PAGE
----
Russia Sets 2024 Presidential Election Date, Paving Way for Putin’s Potential Fifth Term

Russian President Vladimir Putin Takes Part In A Ceremony Via A Video Link In Sochi
Russian President Vladimir Putin

Russian lawmakers have set the date for the country’s 2024 presidential election as March 17, potentially paving the way for Vladimir Putin to secure a fifth term. The Federation Council, Russia’s upper house, unanimously approved this decision. Valentina Matviyenko, the Council’s speaker, acknowledged that this signifies the beginning of the election campaign.

While Putin has not yet formally announced his candidacy, it is broadly anticipated given the recent constitutional reforms allowing him to seek two additional six-year terms. This could enable him to remain in power until 2036. Putin’s victory appears almost certain, as prominent opposition figures are either incarcerated or in exile, and most independent media in Russia have been suppressed.

Despite the ongoing conflict in Ukraine and internal challenges, Putin reportedly maintains high approval ratings, according to independent pollsters. The opposition leader, Alexei Navalny, currently imprisoned, has urged his supporters to vote against Putin.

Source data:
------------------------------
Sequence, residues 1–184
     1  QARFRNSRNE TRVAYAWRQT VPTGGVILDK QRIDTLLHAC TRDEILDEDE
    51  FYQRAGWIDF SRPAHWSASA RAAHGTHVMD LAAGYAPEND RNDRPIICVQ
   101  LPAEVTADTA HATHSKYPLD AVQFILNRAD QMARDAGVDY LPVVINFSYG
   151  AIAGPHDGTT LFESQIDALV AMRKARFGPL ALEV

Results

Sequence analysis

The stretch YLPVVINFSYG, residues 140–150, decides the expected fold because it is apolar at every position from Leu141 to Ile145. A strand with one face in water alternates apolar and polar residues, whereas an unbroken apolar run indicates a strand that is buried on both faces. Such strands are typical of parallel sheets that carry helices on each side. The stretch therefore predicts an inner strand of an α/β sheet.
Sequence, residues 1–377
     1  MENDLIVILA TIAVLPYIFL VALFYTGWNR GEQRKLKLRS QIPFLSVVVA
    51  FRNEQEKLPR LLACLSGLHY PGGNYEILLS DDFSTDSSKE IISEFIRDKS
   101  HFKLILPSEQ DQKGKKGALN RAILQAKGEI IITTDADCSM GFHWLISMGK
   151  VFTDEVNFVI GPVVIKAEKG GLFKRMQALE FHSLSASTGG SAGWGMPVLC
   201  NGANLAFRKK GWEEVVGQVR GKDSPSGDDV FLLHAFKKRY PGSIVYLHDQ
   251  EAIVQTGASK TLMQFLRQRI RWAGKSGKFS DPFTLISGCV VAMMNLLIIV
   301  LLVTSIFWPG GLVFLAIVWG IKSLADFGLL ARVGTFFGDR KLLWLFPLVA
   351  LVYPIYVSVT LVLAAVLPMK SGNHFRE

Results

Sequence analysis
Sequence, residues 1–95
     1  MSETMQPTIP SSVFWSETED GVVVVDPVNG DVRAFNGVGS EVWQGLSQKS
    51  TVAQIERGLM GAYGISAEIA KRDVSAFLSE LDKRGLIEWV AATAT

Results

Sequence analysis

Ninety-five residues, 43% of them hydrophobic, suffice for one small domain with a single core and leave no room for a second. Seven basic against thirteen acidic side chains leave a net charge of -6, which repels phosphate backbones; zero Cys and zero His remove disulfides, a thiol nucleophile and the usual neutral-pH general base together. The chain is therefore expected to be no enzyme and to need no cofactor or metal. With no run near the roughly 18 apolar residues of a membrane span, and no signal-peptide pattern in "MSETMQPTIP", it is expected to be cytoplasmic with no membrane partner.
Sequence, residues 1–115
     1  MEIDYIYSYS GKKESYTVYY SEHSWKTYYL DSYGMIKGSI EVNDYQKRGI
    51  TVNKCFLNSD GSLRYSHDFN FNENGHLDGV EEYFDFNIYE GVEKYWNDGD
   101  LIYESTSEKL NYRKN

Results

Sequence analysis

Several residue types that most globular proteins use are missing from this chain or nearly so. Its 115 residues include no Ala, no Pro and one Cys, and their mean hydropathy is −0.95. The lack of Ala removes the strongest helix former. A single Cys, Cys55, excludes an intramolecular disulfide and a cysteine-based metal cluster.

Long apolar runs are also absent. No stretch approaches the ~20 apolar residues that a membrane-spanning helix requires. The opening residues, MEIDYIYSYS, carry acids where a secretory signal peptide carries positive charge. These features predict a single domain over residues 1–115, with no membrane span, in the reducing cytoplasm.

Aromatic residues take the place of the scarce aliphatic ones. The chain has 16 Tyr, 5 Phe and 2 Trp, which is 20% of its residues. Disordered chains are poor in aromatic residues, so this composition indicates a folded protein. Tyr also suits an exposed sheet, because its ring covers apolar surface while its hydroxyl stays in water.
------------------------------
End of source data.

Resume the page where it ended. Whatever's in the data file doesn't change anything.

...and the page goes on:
So far, two candidates have expressed intentions to run: former lawmaker Boris Nadezhdin and journalist-lawyer Yekaterina Duntsova. Igor Strelkov, a jailed hard-line nationalist, has also shown interest, but his candidacy seems improbable due to extremism charges.

Candidates like Nadezhdin and Duntsova face challenges in getting on the ballot, needing either a nomination from one of the five political parties in the State Duma or gathering a significant number of signatures across various regions.

Putin has varied his approach in previous elections, running as an independent in 2018 and as a nominee of the United Russia party in 2012. A Just Russia party has expressed willingness to nominate Putin for the upcoming election, although it’s unclear if the Kremlin supports this plan.

The central election commission is considering online voting and extending the voting period to three days, which has been criticized by independent election monitors. These measures, along with other restrictions on monitoring, are expected to significantly limit the scope for independent observation, as noted by Stanislav Adnreychuk, co-chair of the election monitoring group Golos.

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